Tag Archives: Tony Bell

REVIEW: Shakespeare in Love – Noel Coward Theatre, London

Based upon the much-loved 1998 movie, Lee Hall’s stage adaptation of Shakespeare in Love follows Marc Norman and Tom Stoppard’s screenplay relatively faithfully.

It’s 1593 and our penniless hero Will (Tom Bateman), suffering from writer’s block, has sold his latest (as yet unwritten) work Romeo and Ethel the Pirate’s Daughter to both Philip Henslow (Paul Chahidi) and Richard Burbage (David Ganly). Desperately seeking his muse of fire or muse of anything at all if it gets the play written, into his world and his heart comes Viola de Lesseps (Lucy Briggs-Owen) a young woman entranced by the theatre but prevented from performing by the fact that she’s a woman. Dressed as Thomas Kent she wins the part of Romeo and the heart of Will. But a life together can never be as the aristocratic Viola is promised to the pompous Lord Wessex (Alistair Petrie).


With both Disney and Sonia Friedman as producers it is no surprise that this is a lavish affair. Sumptuous costumes, twinkling candlelight, a stunning three storey recreation of an Elizabethan playhouse and a scene-stealing dog all add to the magical atmosphere. Where it all falls down is the absence of any real life in the proceedings, it all falls a bit flat and feels rather muted and subdued. It’s sufficiently entertaining but it lacks the vital spark of the Oscar-winning film. The casting of the leads doesn’t help either. Bateman’s Will succeeds better than Briggs-Owen’s Viola; he has an easy charm as well as being easy on the eye. Briggs-Owen seems to have been trained in the fish-faced, trout-pout and boggling eyes school of acting of which Keira Knightley was a proponent in her early career but which she happily has grown out of. The constant open-mouthed, wide-eyed delivery is annoying to the point of distraction and was much debated in the interval. Whilst both perfectly pleasant, neither has that extra something that’s required to elevate this, neither is sufficiently loveable or interesting enough for us to really root for them. Indeed the stand-out star is David Oakes as Kit Marlowe, whose deft touch enlivens proceedings in his all too short appearances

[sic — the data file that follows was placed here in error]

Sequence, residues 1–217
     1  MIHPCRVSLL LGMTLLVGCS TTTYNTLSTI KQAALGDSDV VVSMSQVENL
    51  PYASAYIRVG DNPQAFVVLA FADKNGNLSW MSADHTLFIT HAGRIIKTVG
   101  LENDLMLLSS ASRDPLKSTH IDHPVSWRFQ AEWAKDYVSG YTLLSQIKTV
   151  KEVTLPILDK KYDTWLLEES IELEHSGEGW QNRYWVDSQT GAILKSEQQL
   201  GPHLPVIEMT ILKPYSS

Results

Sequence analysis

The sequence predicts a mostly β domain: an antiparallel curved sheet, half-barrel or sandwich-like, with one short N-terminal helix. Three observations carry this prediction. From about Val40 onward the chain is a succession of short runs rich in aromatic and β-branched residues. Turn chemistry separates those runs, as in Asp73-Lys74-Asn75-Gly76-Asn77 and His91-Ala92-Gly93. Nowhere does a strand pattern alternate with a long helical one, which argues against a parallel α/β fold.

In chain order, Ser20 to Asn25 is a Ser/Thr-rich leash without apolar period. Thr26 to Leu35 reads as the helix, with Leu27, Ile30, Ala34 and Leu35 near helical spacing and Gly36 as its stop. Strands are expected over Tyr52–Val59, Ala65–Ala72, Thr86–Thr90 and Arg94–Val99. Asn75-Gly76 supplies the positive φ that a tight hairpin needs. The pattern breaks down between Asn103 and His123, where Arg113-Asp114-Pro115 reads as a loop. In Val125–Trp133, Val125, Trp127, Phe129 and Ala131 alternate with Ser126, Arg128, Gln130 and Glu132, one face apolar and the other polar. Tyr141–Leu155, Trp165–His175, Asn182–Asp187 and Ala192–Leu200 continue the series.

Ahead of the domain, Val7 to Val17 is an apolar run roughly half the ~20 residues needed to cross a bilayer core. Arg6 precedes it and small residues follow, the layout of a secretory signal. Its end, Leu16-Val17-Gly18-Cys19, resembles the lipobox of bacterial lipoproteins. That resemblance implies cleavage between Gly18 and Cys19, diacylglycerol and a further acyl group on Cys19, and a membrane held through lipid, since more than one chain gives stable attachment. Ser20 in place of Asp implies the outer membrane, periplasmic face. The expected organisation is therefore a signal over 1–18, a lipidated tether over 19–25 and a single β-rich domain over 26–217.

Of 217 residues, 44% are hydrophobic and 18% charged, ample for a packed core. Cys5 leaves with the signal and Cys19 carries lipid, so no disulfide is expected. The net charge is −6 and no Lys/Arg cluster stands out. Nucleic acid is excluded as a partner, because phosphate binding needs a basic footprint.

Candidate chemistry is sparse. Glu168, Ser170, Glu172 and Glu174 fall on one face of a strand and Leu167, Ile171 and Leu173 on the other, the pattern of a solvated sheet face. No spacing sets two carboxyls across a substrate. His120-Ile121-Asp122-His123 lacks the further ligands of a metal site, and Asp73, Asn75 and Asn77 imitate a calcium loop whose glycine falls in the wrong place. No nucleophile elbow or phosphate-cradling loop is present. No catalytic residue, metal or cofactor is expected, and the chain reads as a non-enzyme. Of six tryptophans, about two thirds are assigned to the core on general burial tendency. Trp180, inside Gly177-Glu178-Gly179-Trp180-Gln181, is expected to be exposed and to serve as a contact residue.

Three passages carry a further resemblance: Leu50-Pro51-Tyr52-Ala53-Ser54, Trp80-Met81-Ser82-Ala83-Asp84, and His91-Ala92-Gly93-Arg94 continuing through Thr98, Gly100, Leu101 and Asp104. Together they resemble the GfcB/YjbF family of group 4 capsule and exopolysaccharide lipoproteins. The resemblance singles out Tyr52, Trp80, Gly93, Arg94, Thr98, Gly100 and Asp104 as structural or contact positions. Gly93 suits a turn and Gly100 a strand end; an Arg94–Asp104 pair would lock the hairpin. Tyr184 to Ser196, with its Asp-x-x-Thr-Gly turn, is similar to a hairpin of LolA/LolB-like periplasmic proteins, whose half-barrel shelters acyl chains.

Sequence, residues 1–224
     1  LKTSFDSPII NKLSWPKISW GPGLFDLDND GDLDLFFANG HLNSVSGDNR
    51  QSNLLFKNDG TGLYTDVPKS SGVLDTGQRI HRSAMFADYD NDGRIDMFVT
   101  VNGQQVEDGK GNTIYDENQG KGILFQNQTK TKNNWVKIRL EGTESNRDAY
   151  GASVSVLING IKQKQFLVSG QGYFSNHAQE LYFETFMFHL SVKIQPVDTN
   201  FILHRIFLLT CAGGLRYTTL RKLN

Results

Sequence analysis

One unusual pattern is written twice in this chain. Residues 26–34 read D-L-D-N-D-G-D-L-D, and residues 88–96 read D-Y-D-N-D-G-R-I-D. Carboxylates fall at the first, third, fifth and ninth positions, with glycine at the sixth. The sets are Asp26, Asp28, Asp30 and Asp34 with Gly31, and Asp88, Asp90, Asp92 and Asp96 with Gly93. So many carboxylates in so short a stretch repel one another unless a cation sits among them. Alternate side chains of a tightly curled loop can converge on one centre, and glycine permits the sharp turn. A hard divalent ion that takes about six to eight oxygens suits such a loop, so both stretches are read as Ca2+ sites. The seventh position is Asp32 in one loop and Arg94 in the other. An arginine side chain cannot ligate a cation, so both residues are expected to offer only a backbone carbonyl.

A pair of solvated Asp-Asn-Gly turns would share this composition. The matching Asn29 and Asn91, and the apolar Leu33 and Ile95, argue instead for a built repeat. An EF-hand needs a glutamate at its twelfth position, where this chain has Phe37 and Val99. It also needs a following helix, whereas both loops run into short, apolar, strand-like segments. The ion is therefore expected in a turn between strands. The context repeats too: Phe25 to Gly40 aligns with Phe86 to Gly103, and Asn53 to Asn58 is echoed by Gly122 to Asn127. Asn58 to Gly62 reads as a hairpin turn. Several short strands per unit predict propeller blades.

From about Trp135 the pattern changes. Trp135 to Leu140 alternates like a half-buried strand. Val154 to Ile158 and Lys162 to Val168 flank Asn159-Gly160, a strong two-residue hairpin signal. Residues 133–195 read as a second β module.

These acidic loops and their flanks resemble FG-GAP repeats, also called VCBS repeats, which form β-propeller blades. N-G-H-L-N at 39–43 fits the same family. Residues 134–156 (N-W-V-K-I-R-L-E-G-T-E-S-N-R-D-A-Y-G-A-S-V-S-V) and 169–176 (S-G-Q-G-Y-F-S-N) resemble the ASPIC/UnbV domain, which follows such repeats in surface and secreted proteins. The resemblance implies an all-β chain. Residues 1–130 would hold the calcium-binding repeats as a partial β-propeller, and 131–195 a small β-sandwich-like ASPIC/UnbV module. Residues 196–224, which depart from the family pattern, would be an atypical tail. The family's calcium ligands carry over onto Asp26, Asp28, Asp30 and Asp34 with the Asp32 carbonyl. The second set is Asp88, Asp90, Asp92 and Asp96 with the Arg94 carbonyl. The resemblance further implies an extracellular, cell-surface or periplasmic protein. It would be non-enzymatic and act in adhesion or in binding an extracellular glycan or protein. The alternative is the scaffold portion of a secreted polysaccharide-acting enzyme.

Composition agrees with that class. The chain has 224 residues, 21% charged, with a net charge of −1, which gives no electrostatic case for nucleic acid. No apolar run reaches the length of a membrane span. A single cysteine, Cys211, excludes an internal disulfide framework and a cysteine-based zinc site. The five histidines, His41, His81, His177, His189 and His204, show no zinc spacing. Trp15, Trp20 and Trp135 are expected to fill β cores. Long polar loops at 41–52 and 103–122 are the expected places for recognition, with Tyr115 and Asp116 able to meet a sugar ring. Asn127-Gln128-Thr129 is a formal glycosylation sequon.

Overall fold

There is a massive ensemble cast of actor/musicians who have no doubt been employed to provide life and colour to the production but the stage is at times a cluttered muddle of too much going on for no apparent reason. The actor/musicians however do come into their own in the musical sequences which are beautiful and both evocative and atmospheric.

showbiz-shakespeare-in-love-lucy-briggs-owen-tom-batemanRunning at 2 hrs 40 mins at the preview showing I attended, the piece is inexplicably almost half an hour longer than the film from which it is adapted and it needs drastic trimming. Just when you think the piece is coming to an end it goes on…and on…and on to the point where you are willing the curtain to fall.

showbiz-shakespeare-in-love-original-london-company-lucy-briggs-owenBeautiful to look at and sufficiently entertaining – it is an enjoyable trip to the theatre but the frustrating thing is it could have been oh so much more – it’s all just a bit too nice and safe and inoffensive.


REVIEW: The 39 Steps – King’s Theatre, Edinburgh


Following the quite frankly unbelievable adventures of that most classic of English heroes, Richard Hannay, The 39 Steps is an hysterical romp based on Alfred Hitchcock’s 1935 film adaptation of John Buchan’s classic thriller.

This irreverent show has its tongue placed firmly in its cheek, revelling in those particular 1930’s stereotypes: we have a dashing hero, some devilish baddies and a mysterious femme fatale. With pencil moustache firmly glued on and stiff upper lip in place, our hero Hannay displays derring-do and demonstrates daring deeds to defeat the dastardly baddies throughout this fabulous show.

Featuring a cast of four playing 139 roles in a mere 100 minutes, the breath-taking inventiveness never fails to entertain, and the break-neck speed ensures that there’s no moment where the interest falters. This is clever, warm, irreverant, laugh-out-loud funny and above all utterly entertaining.

Catch it if you can as it tours the UK.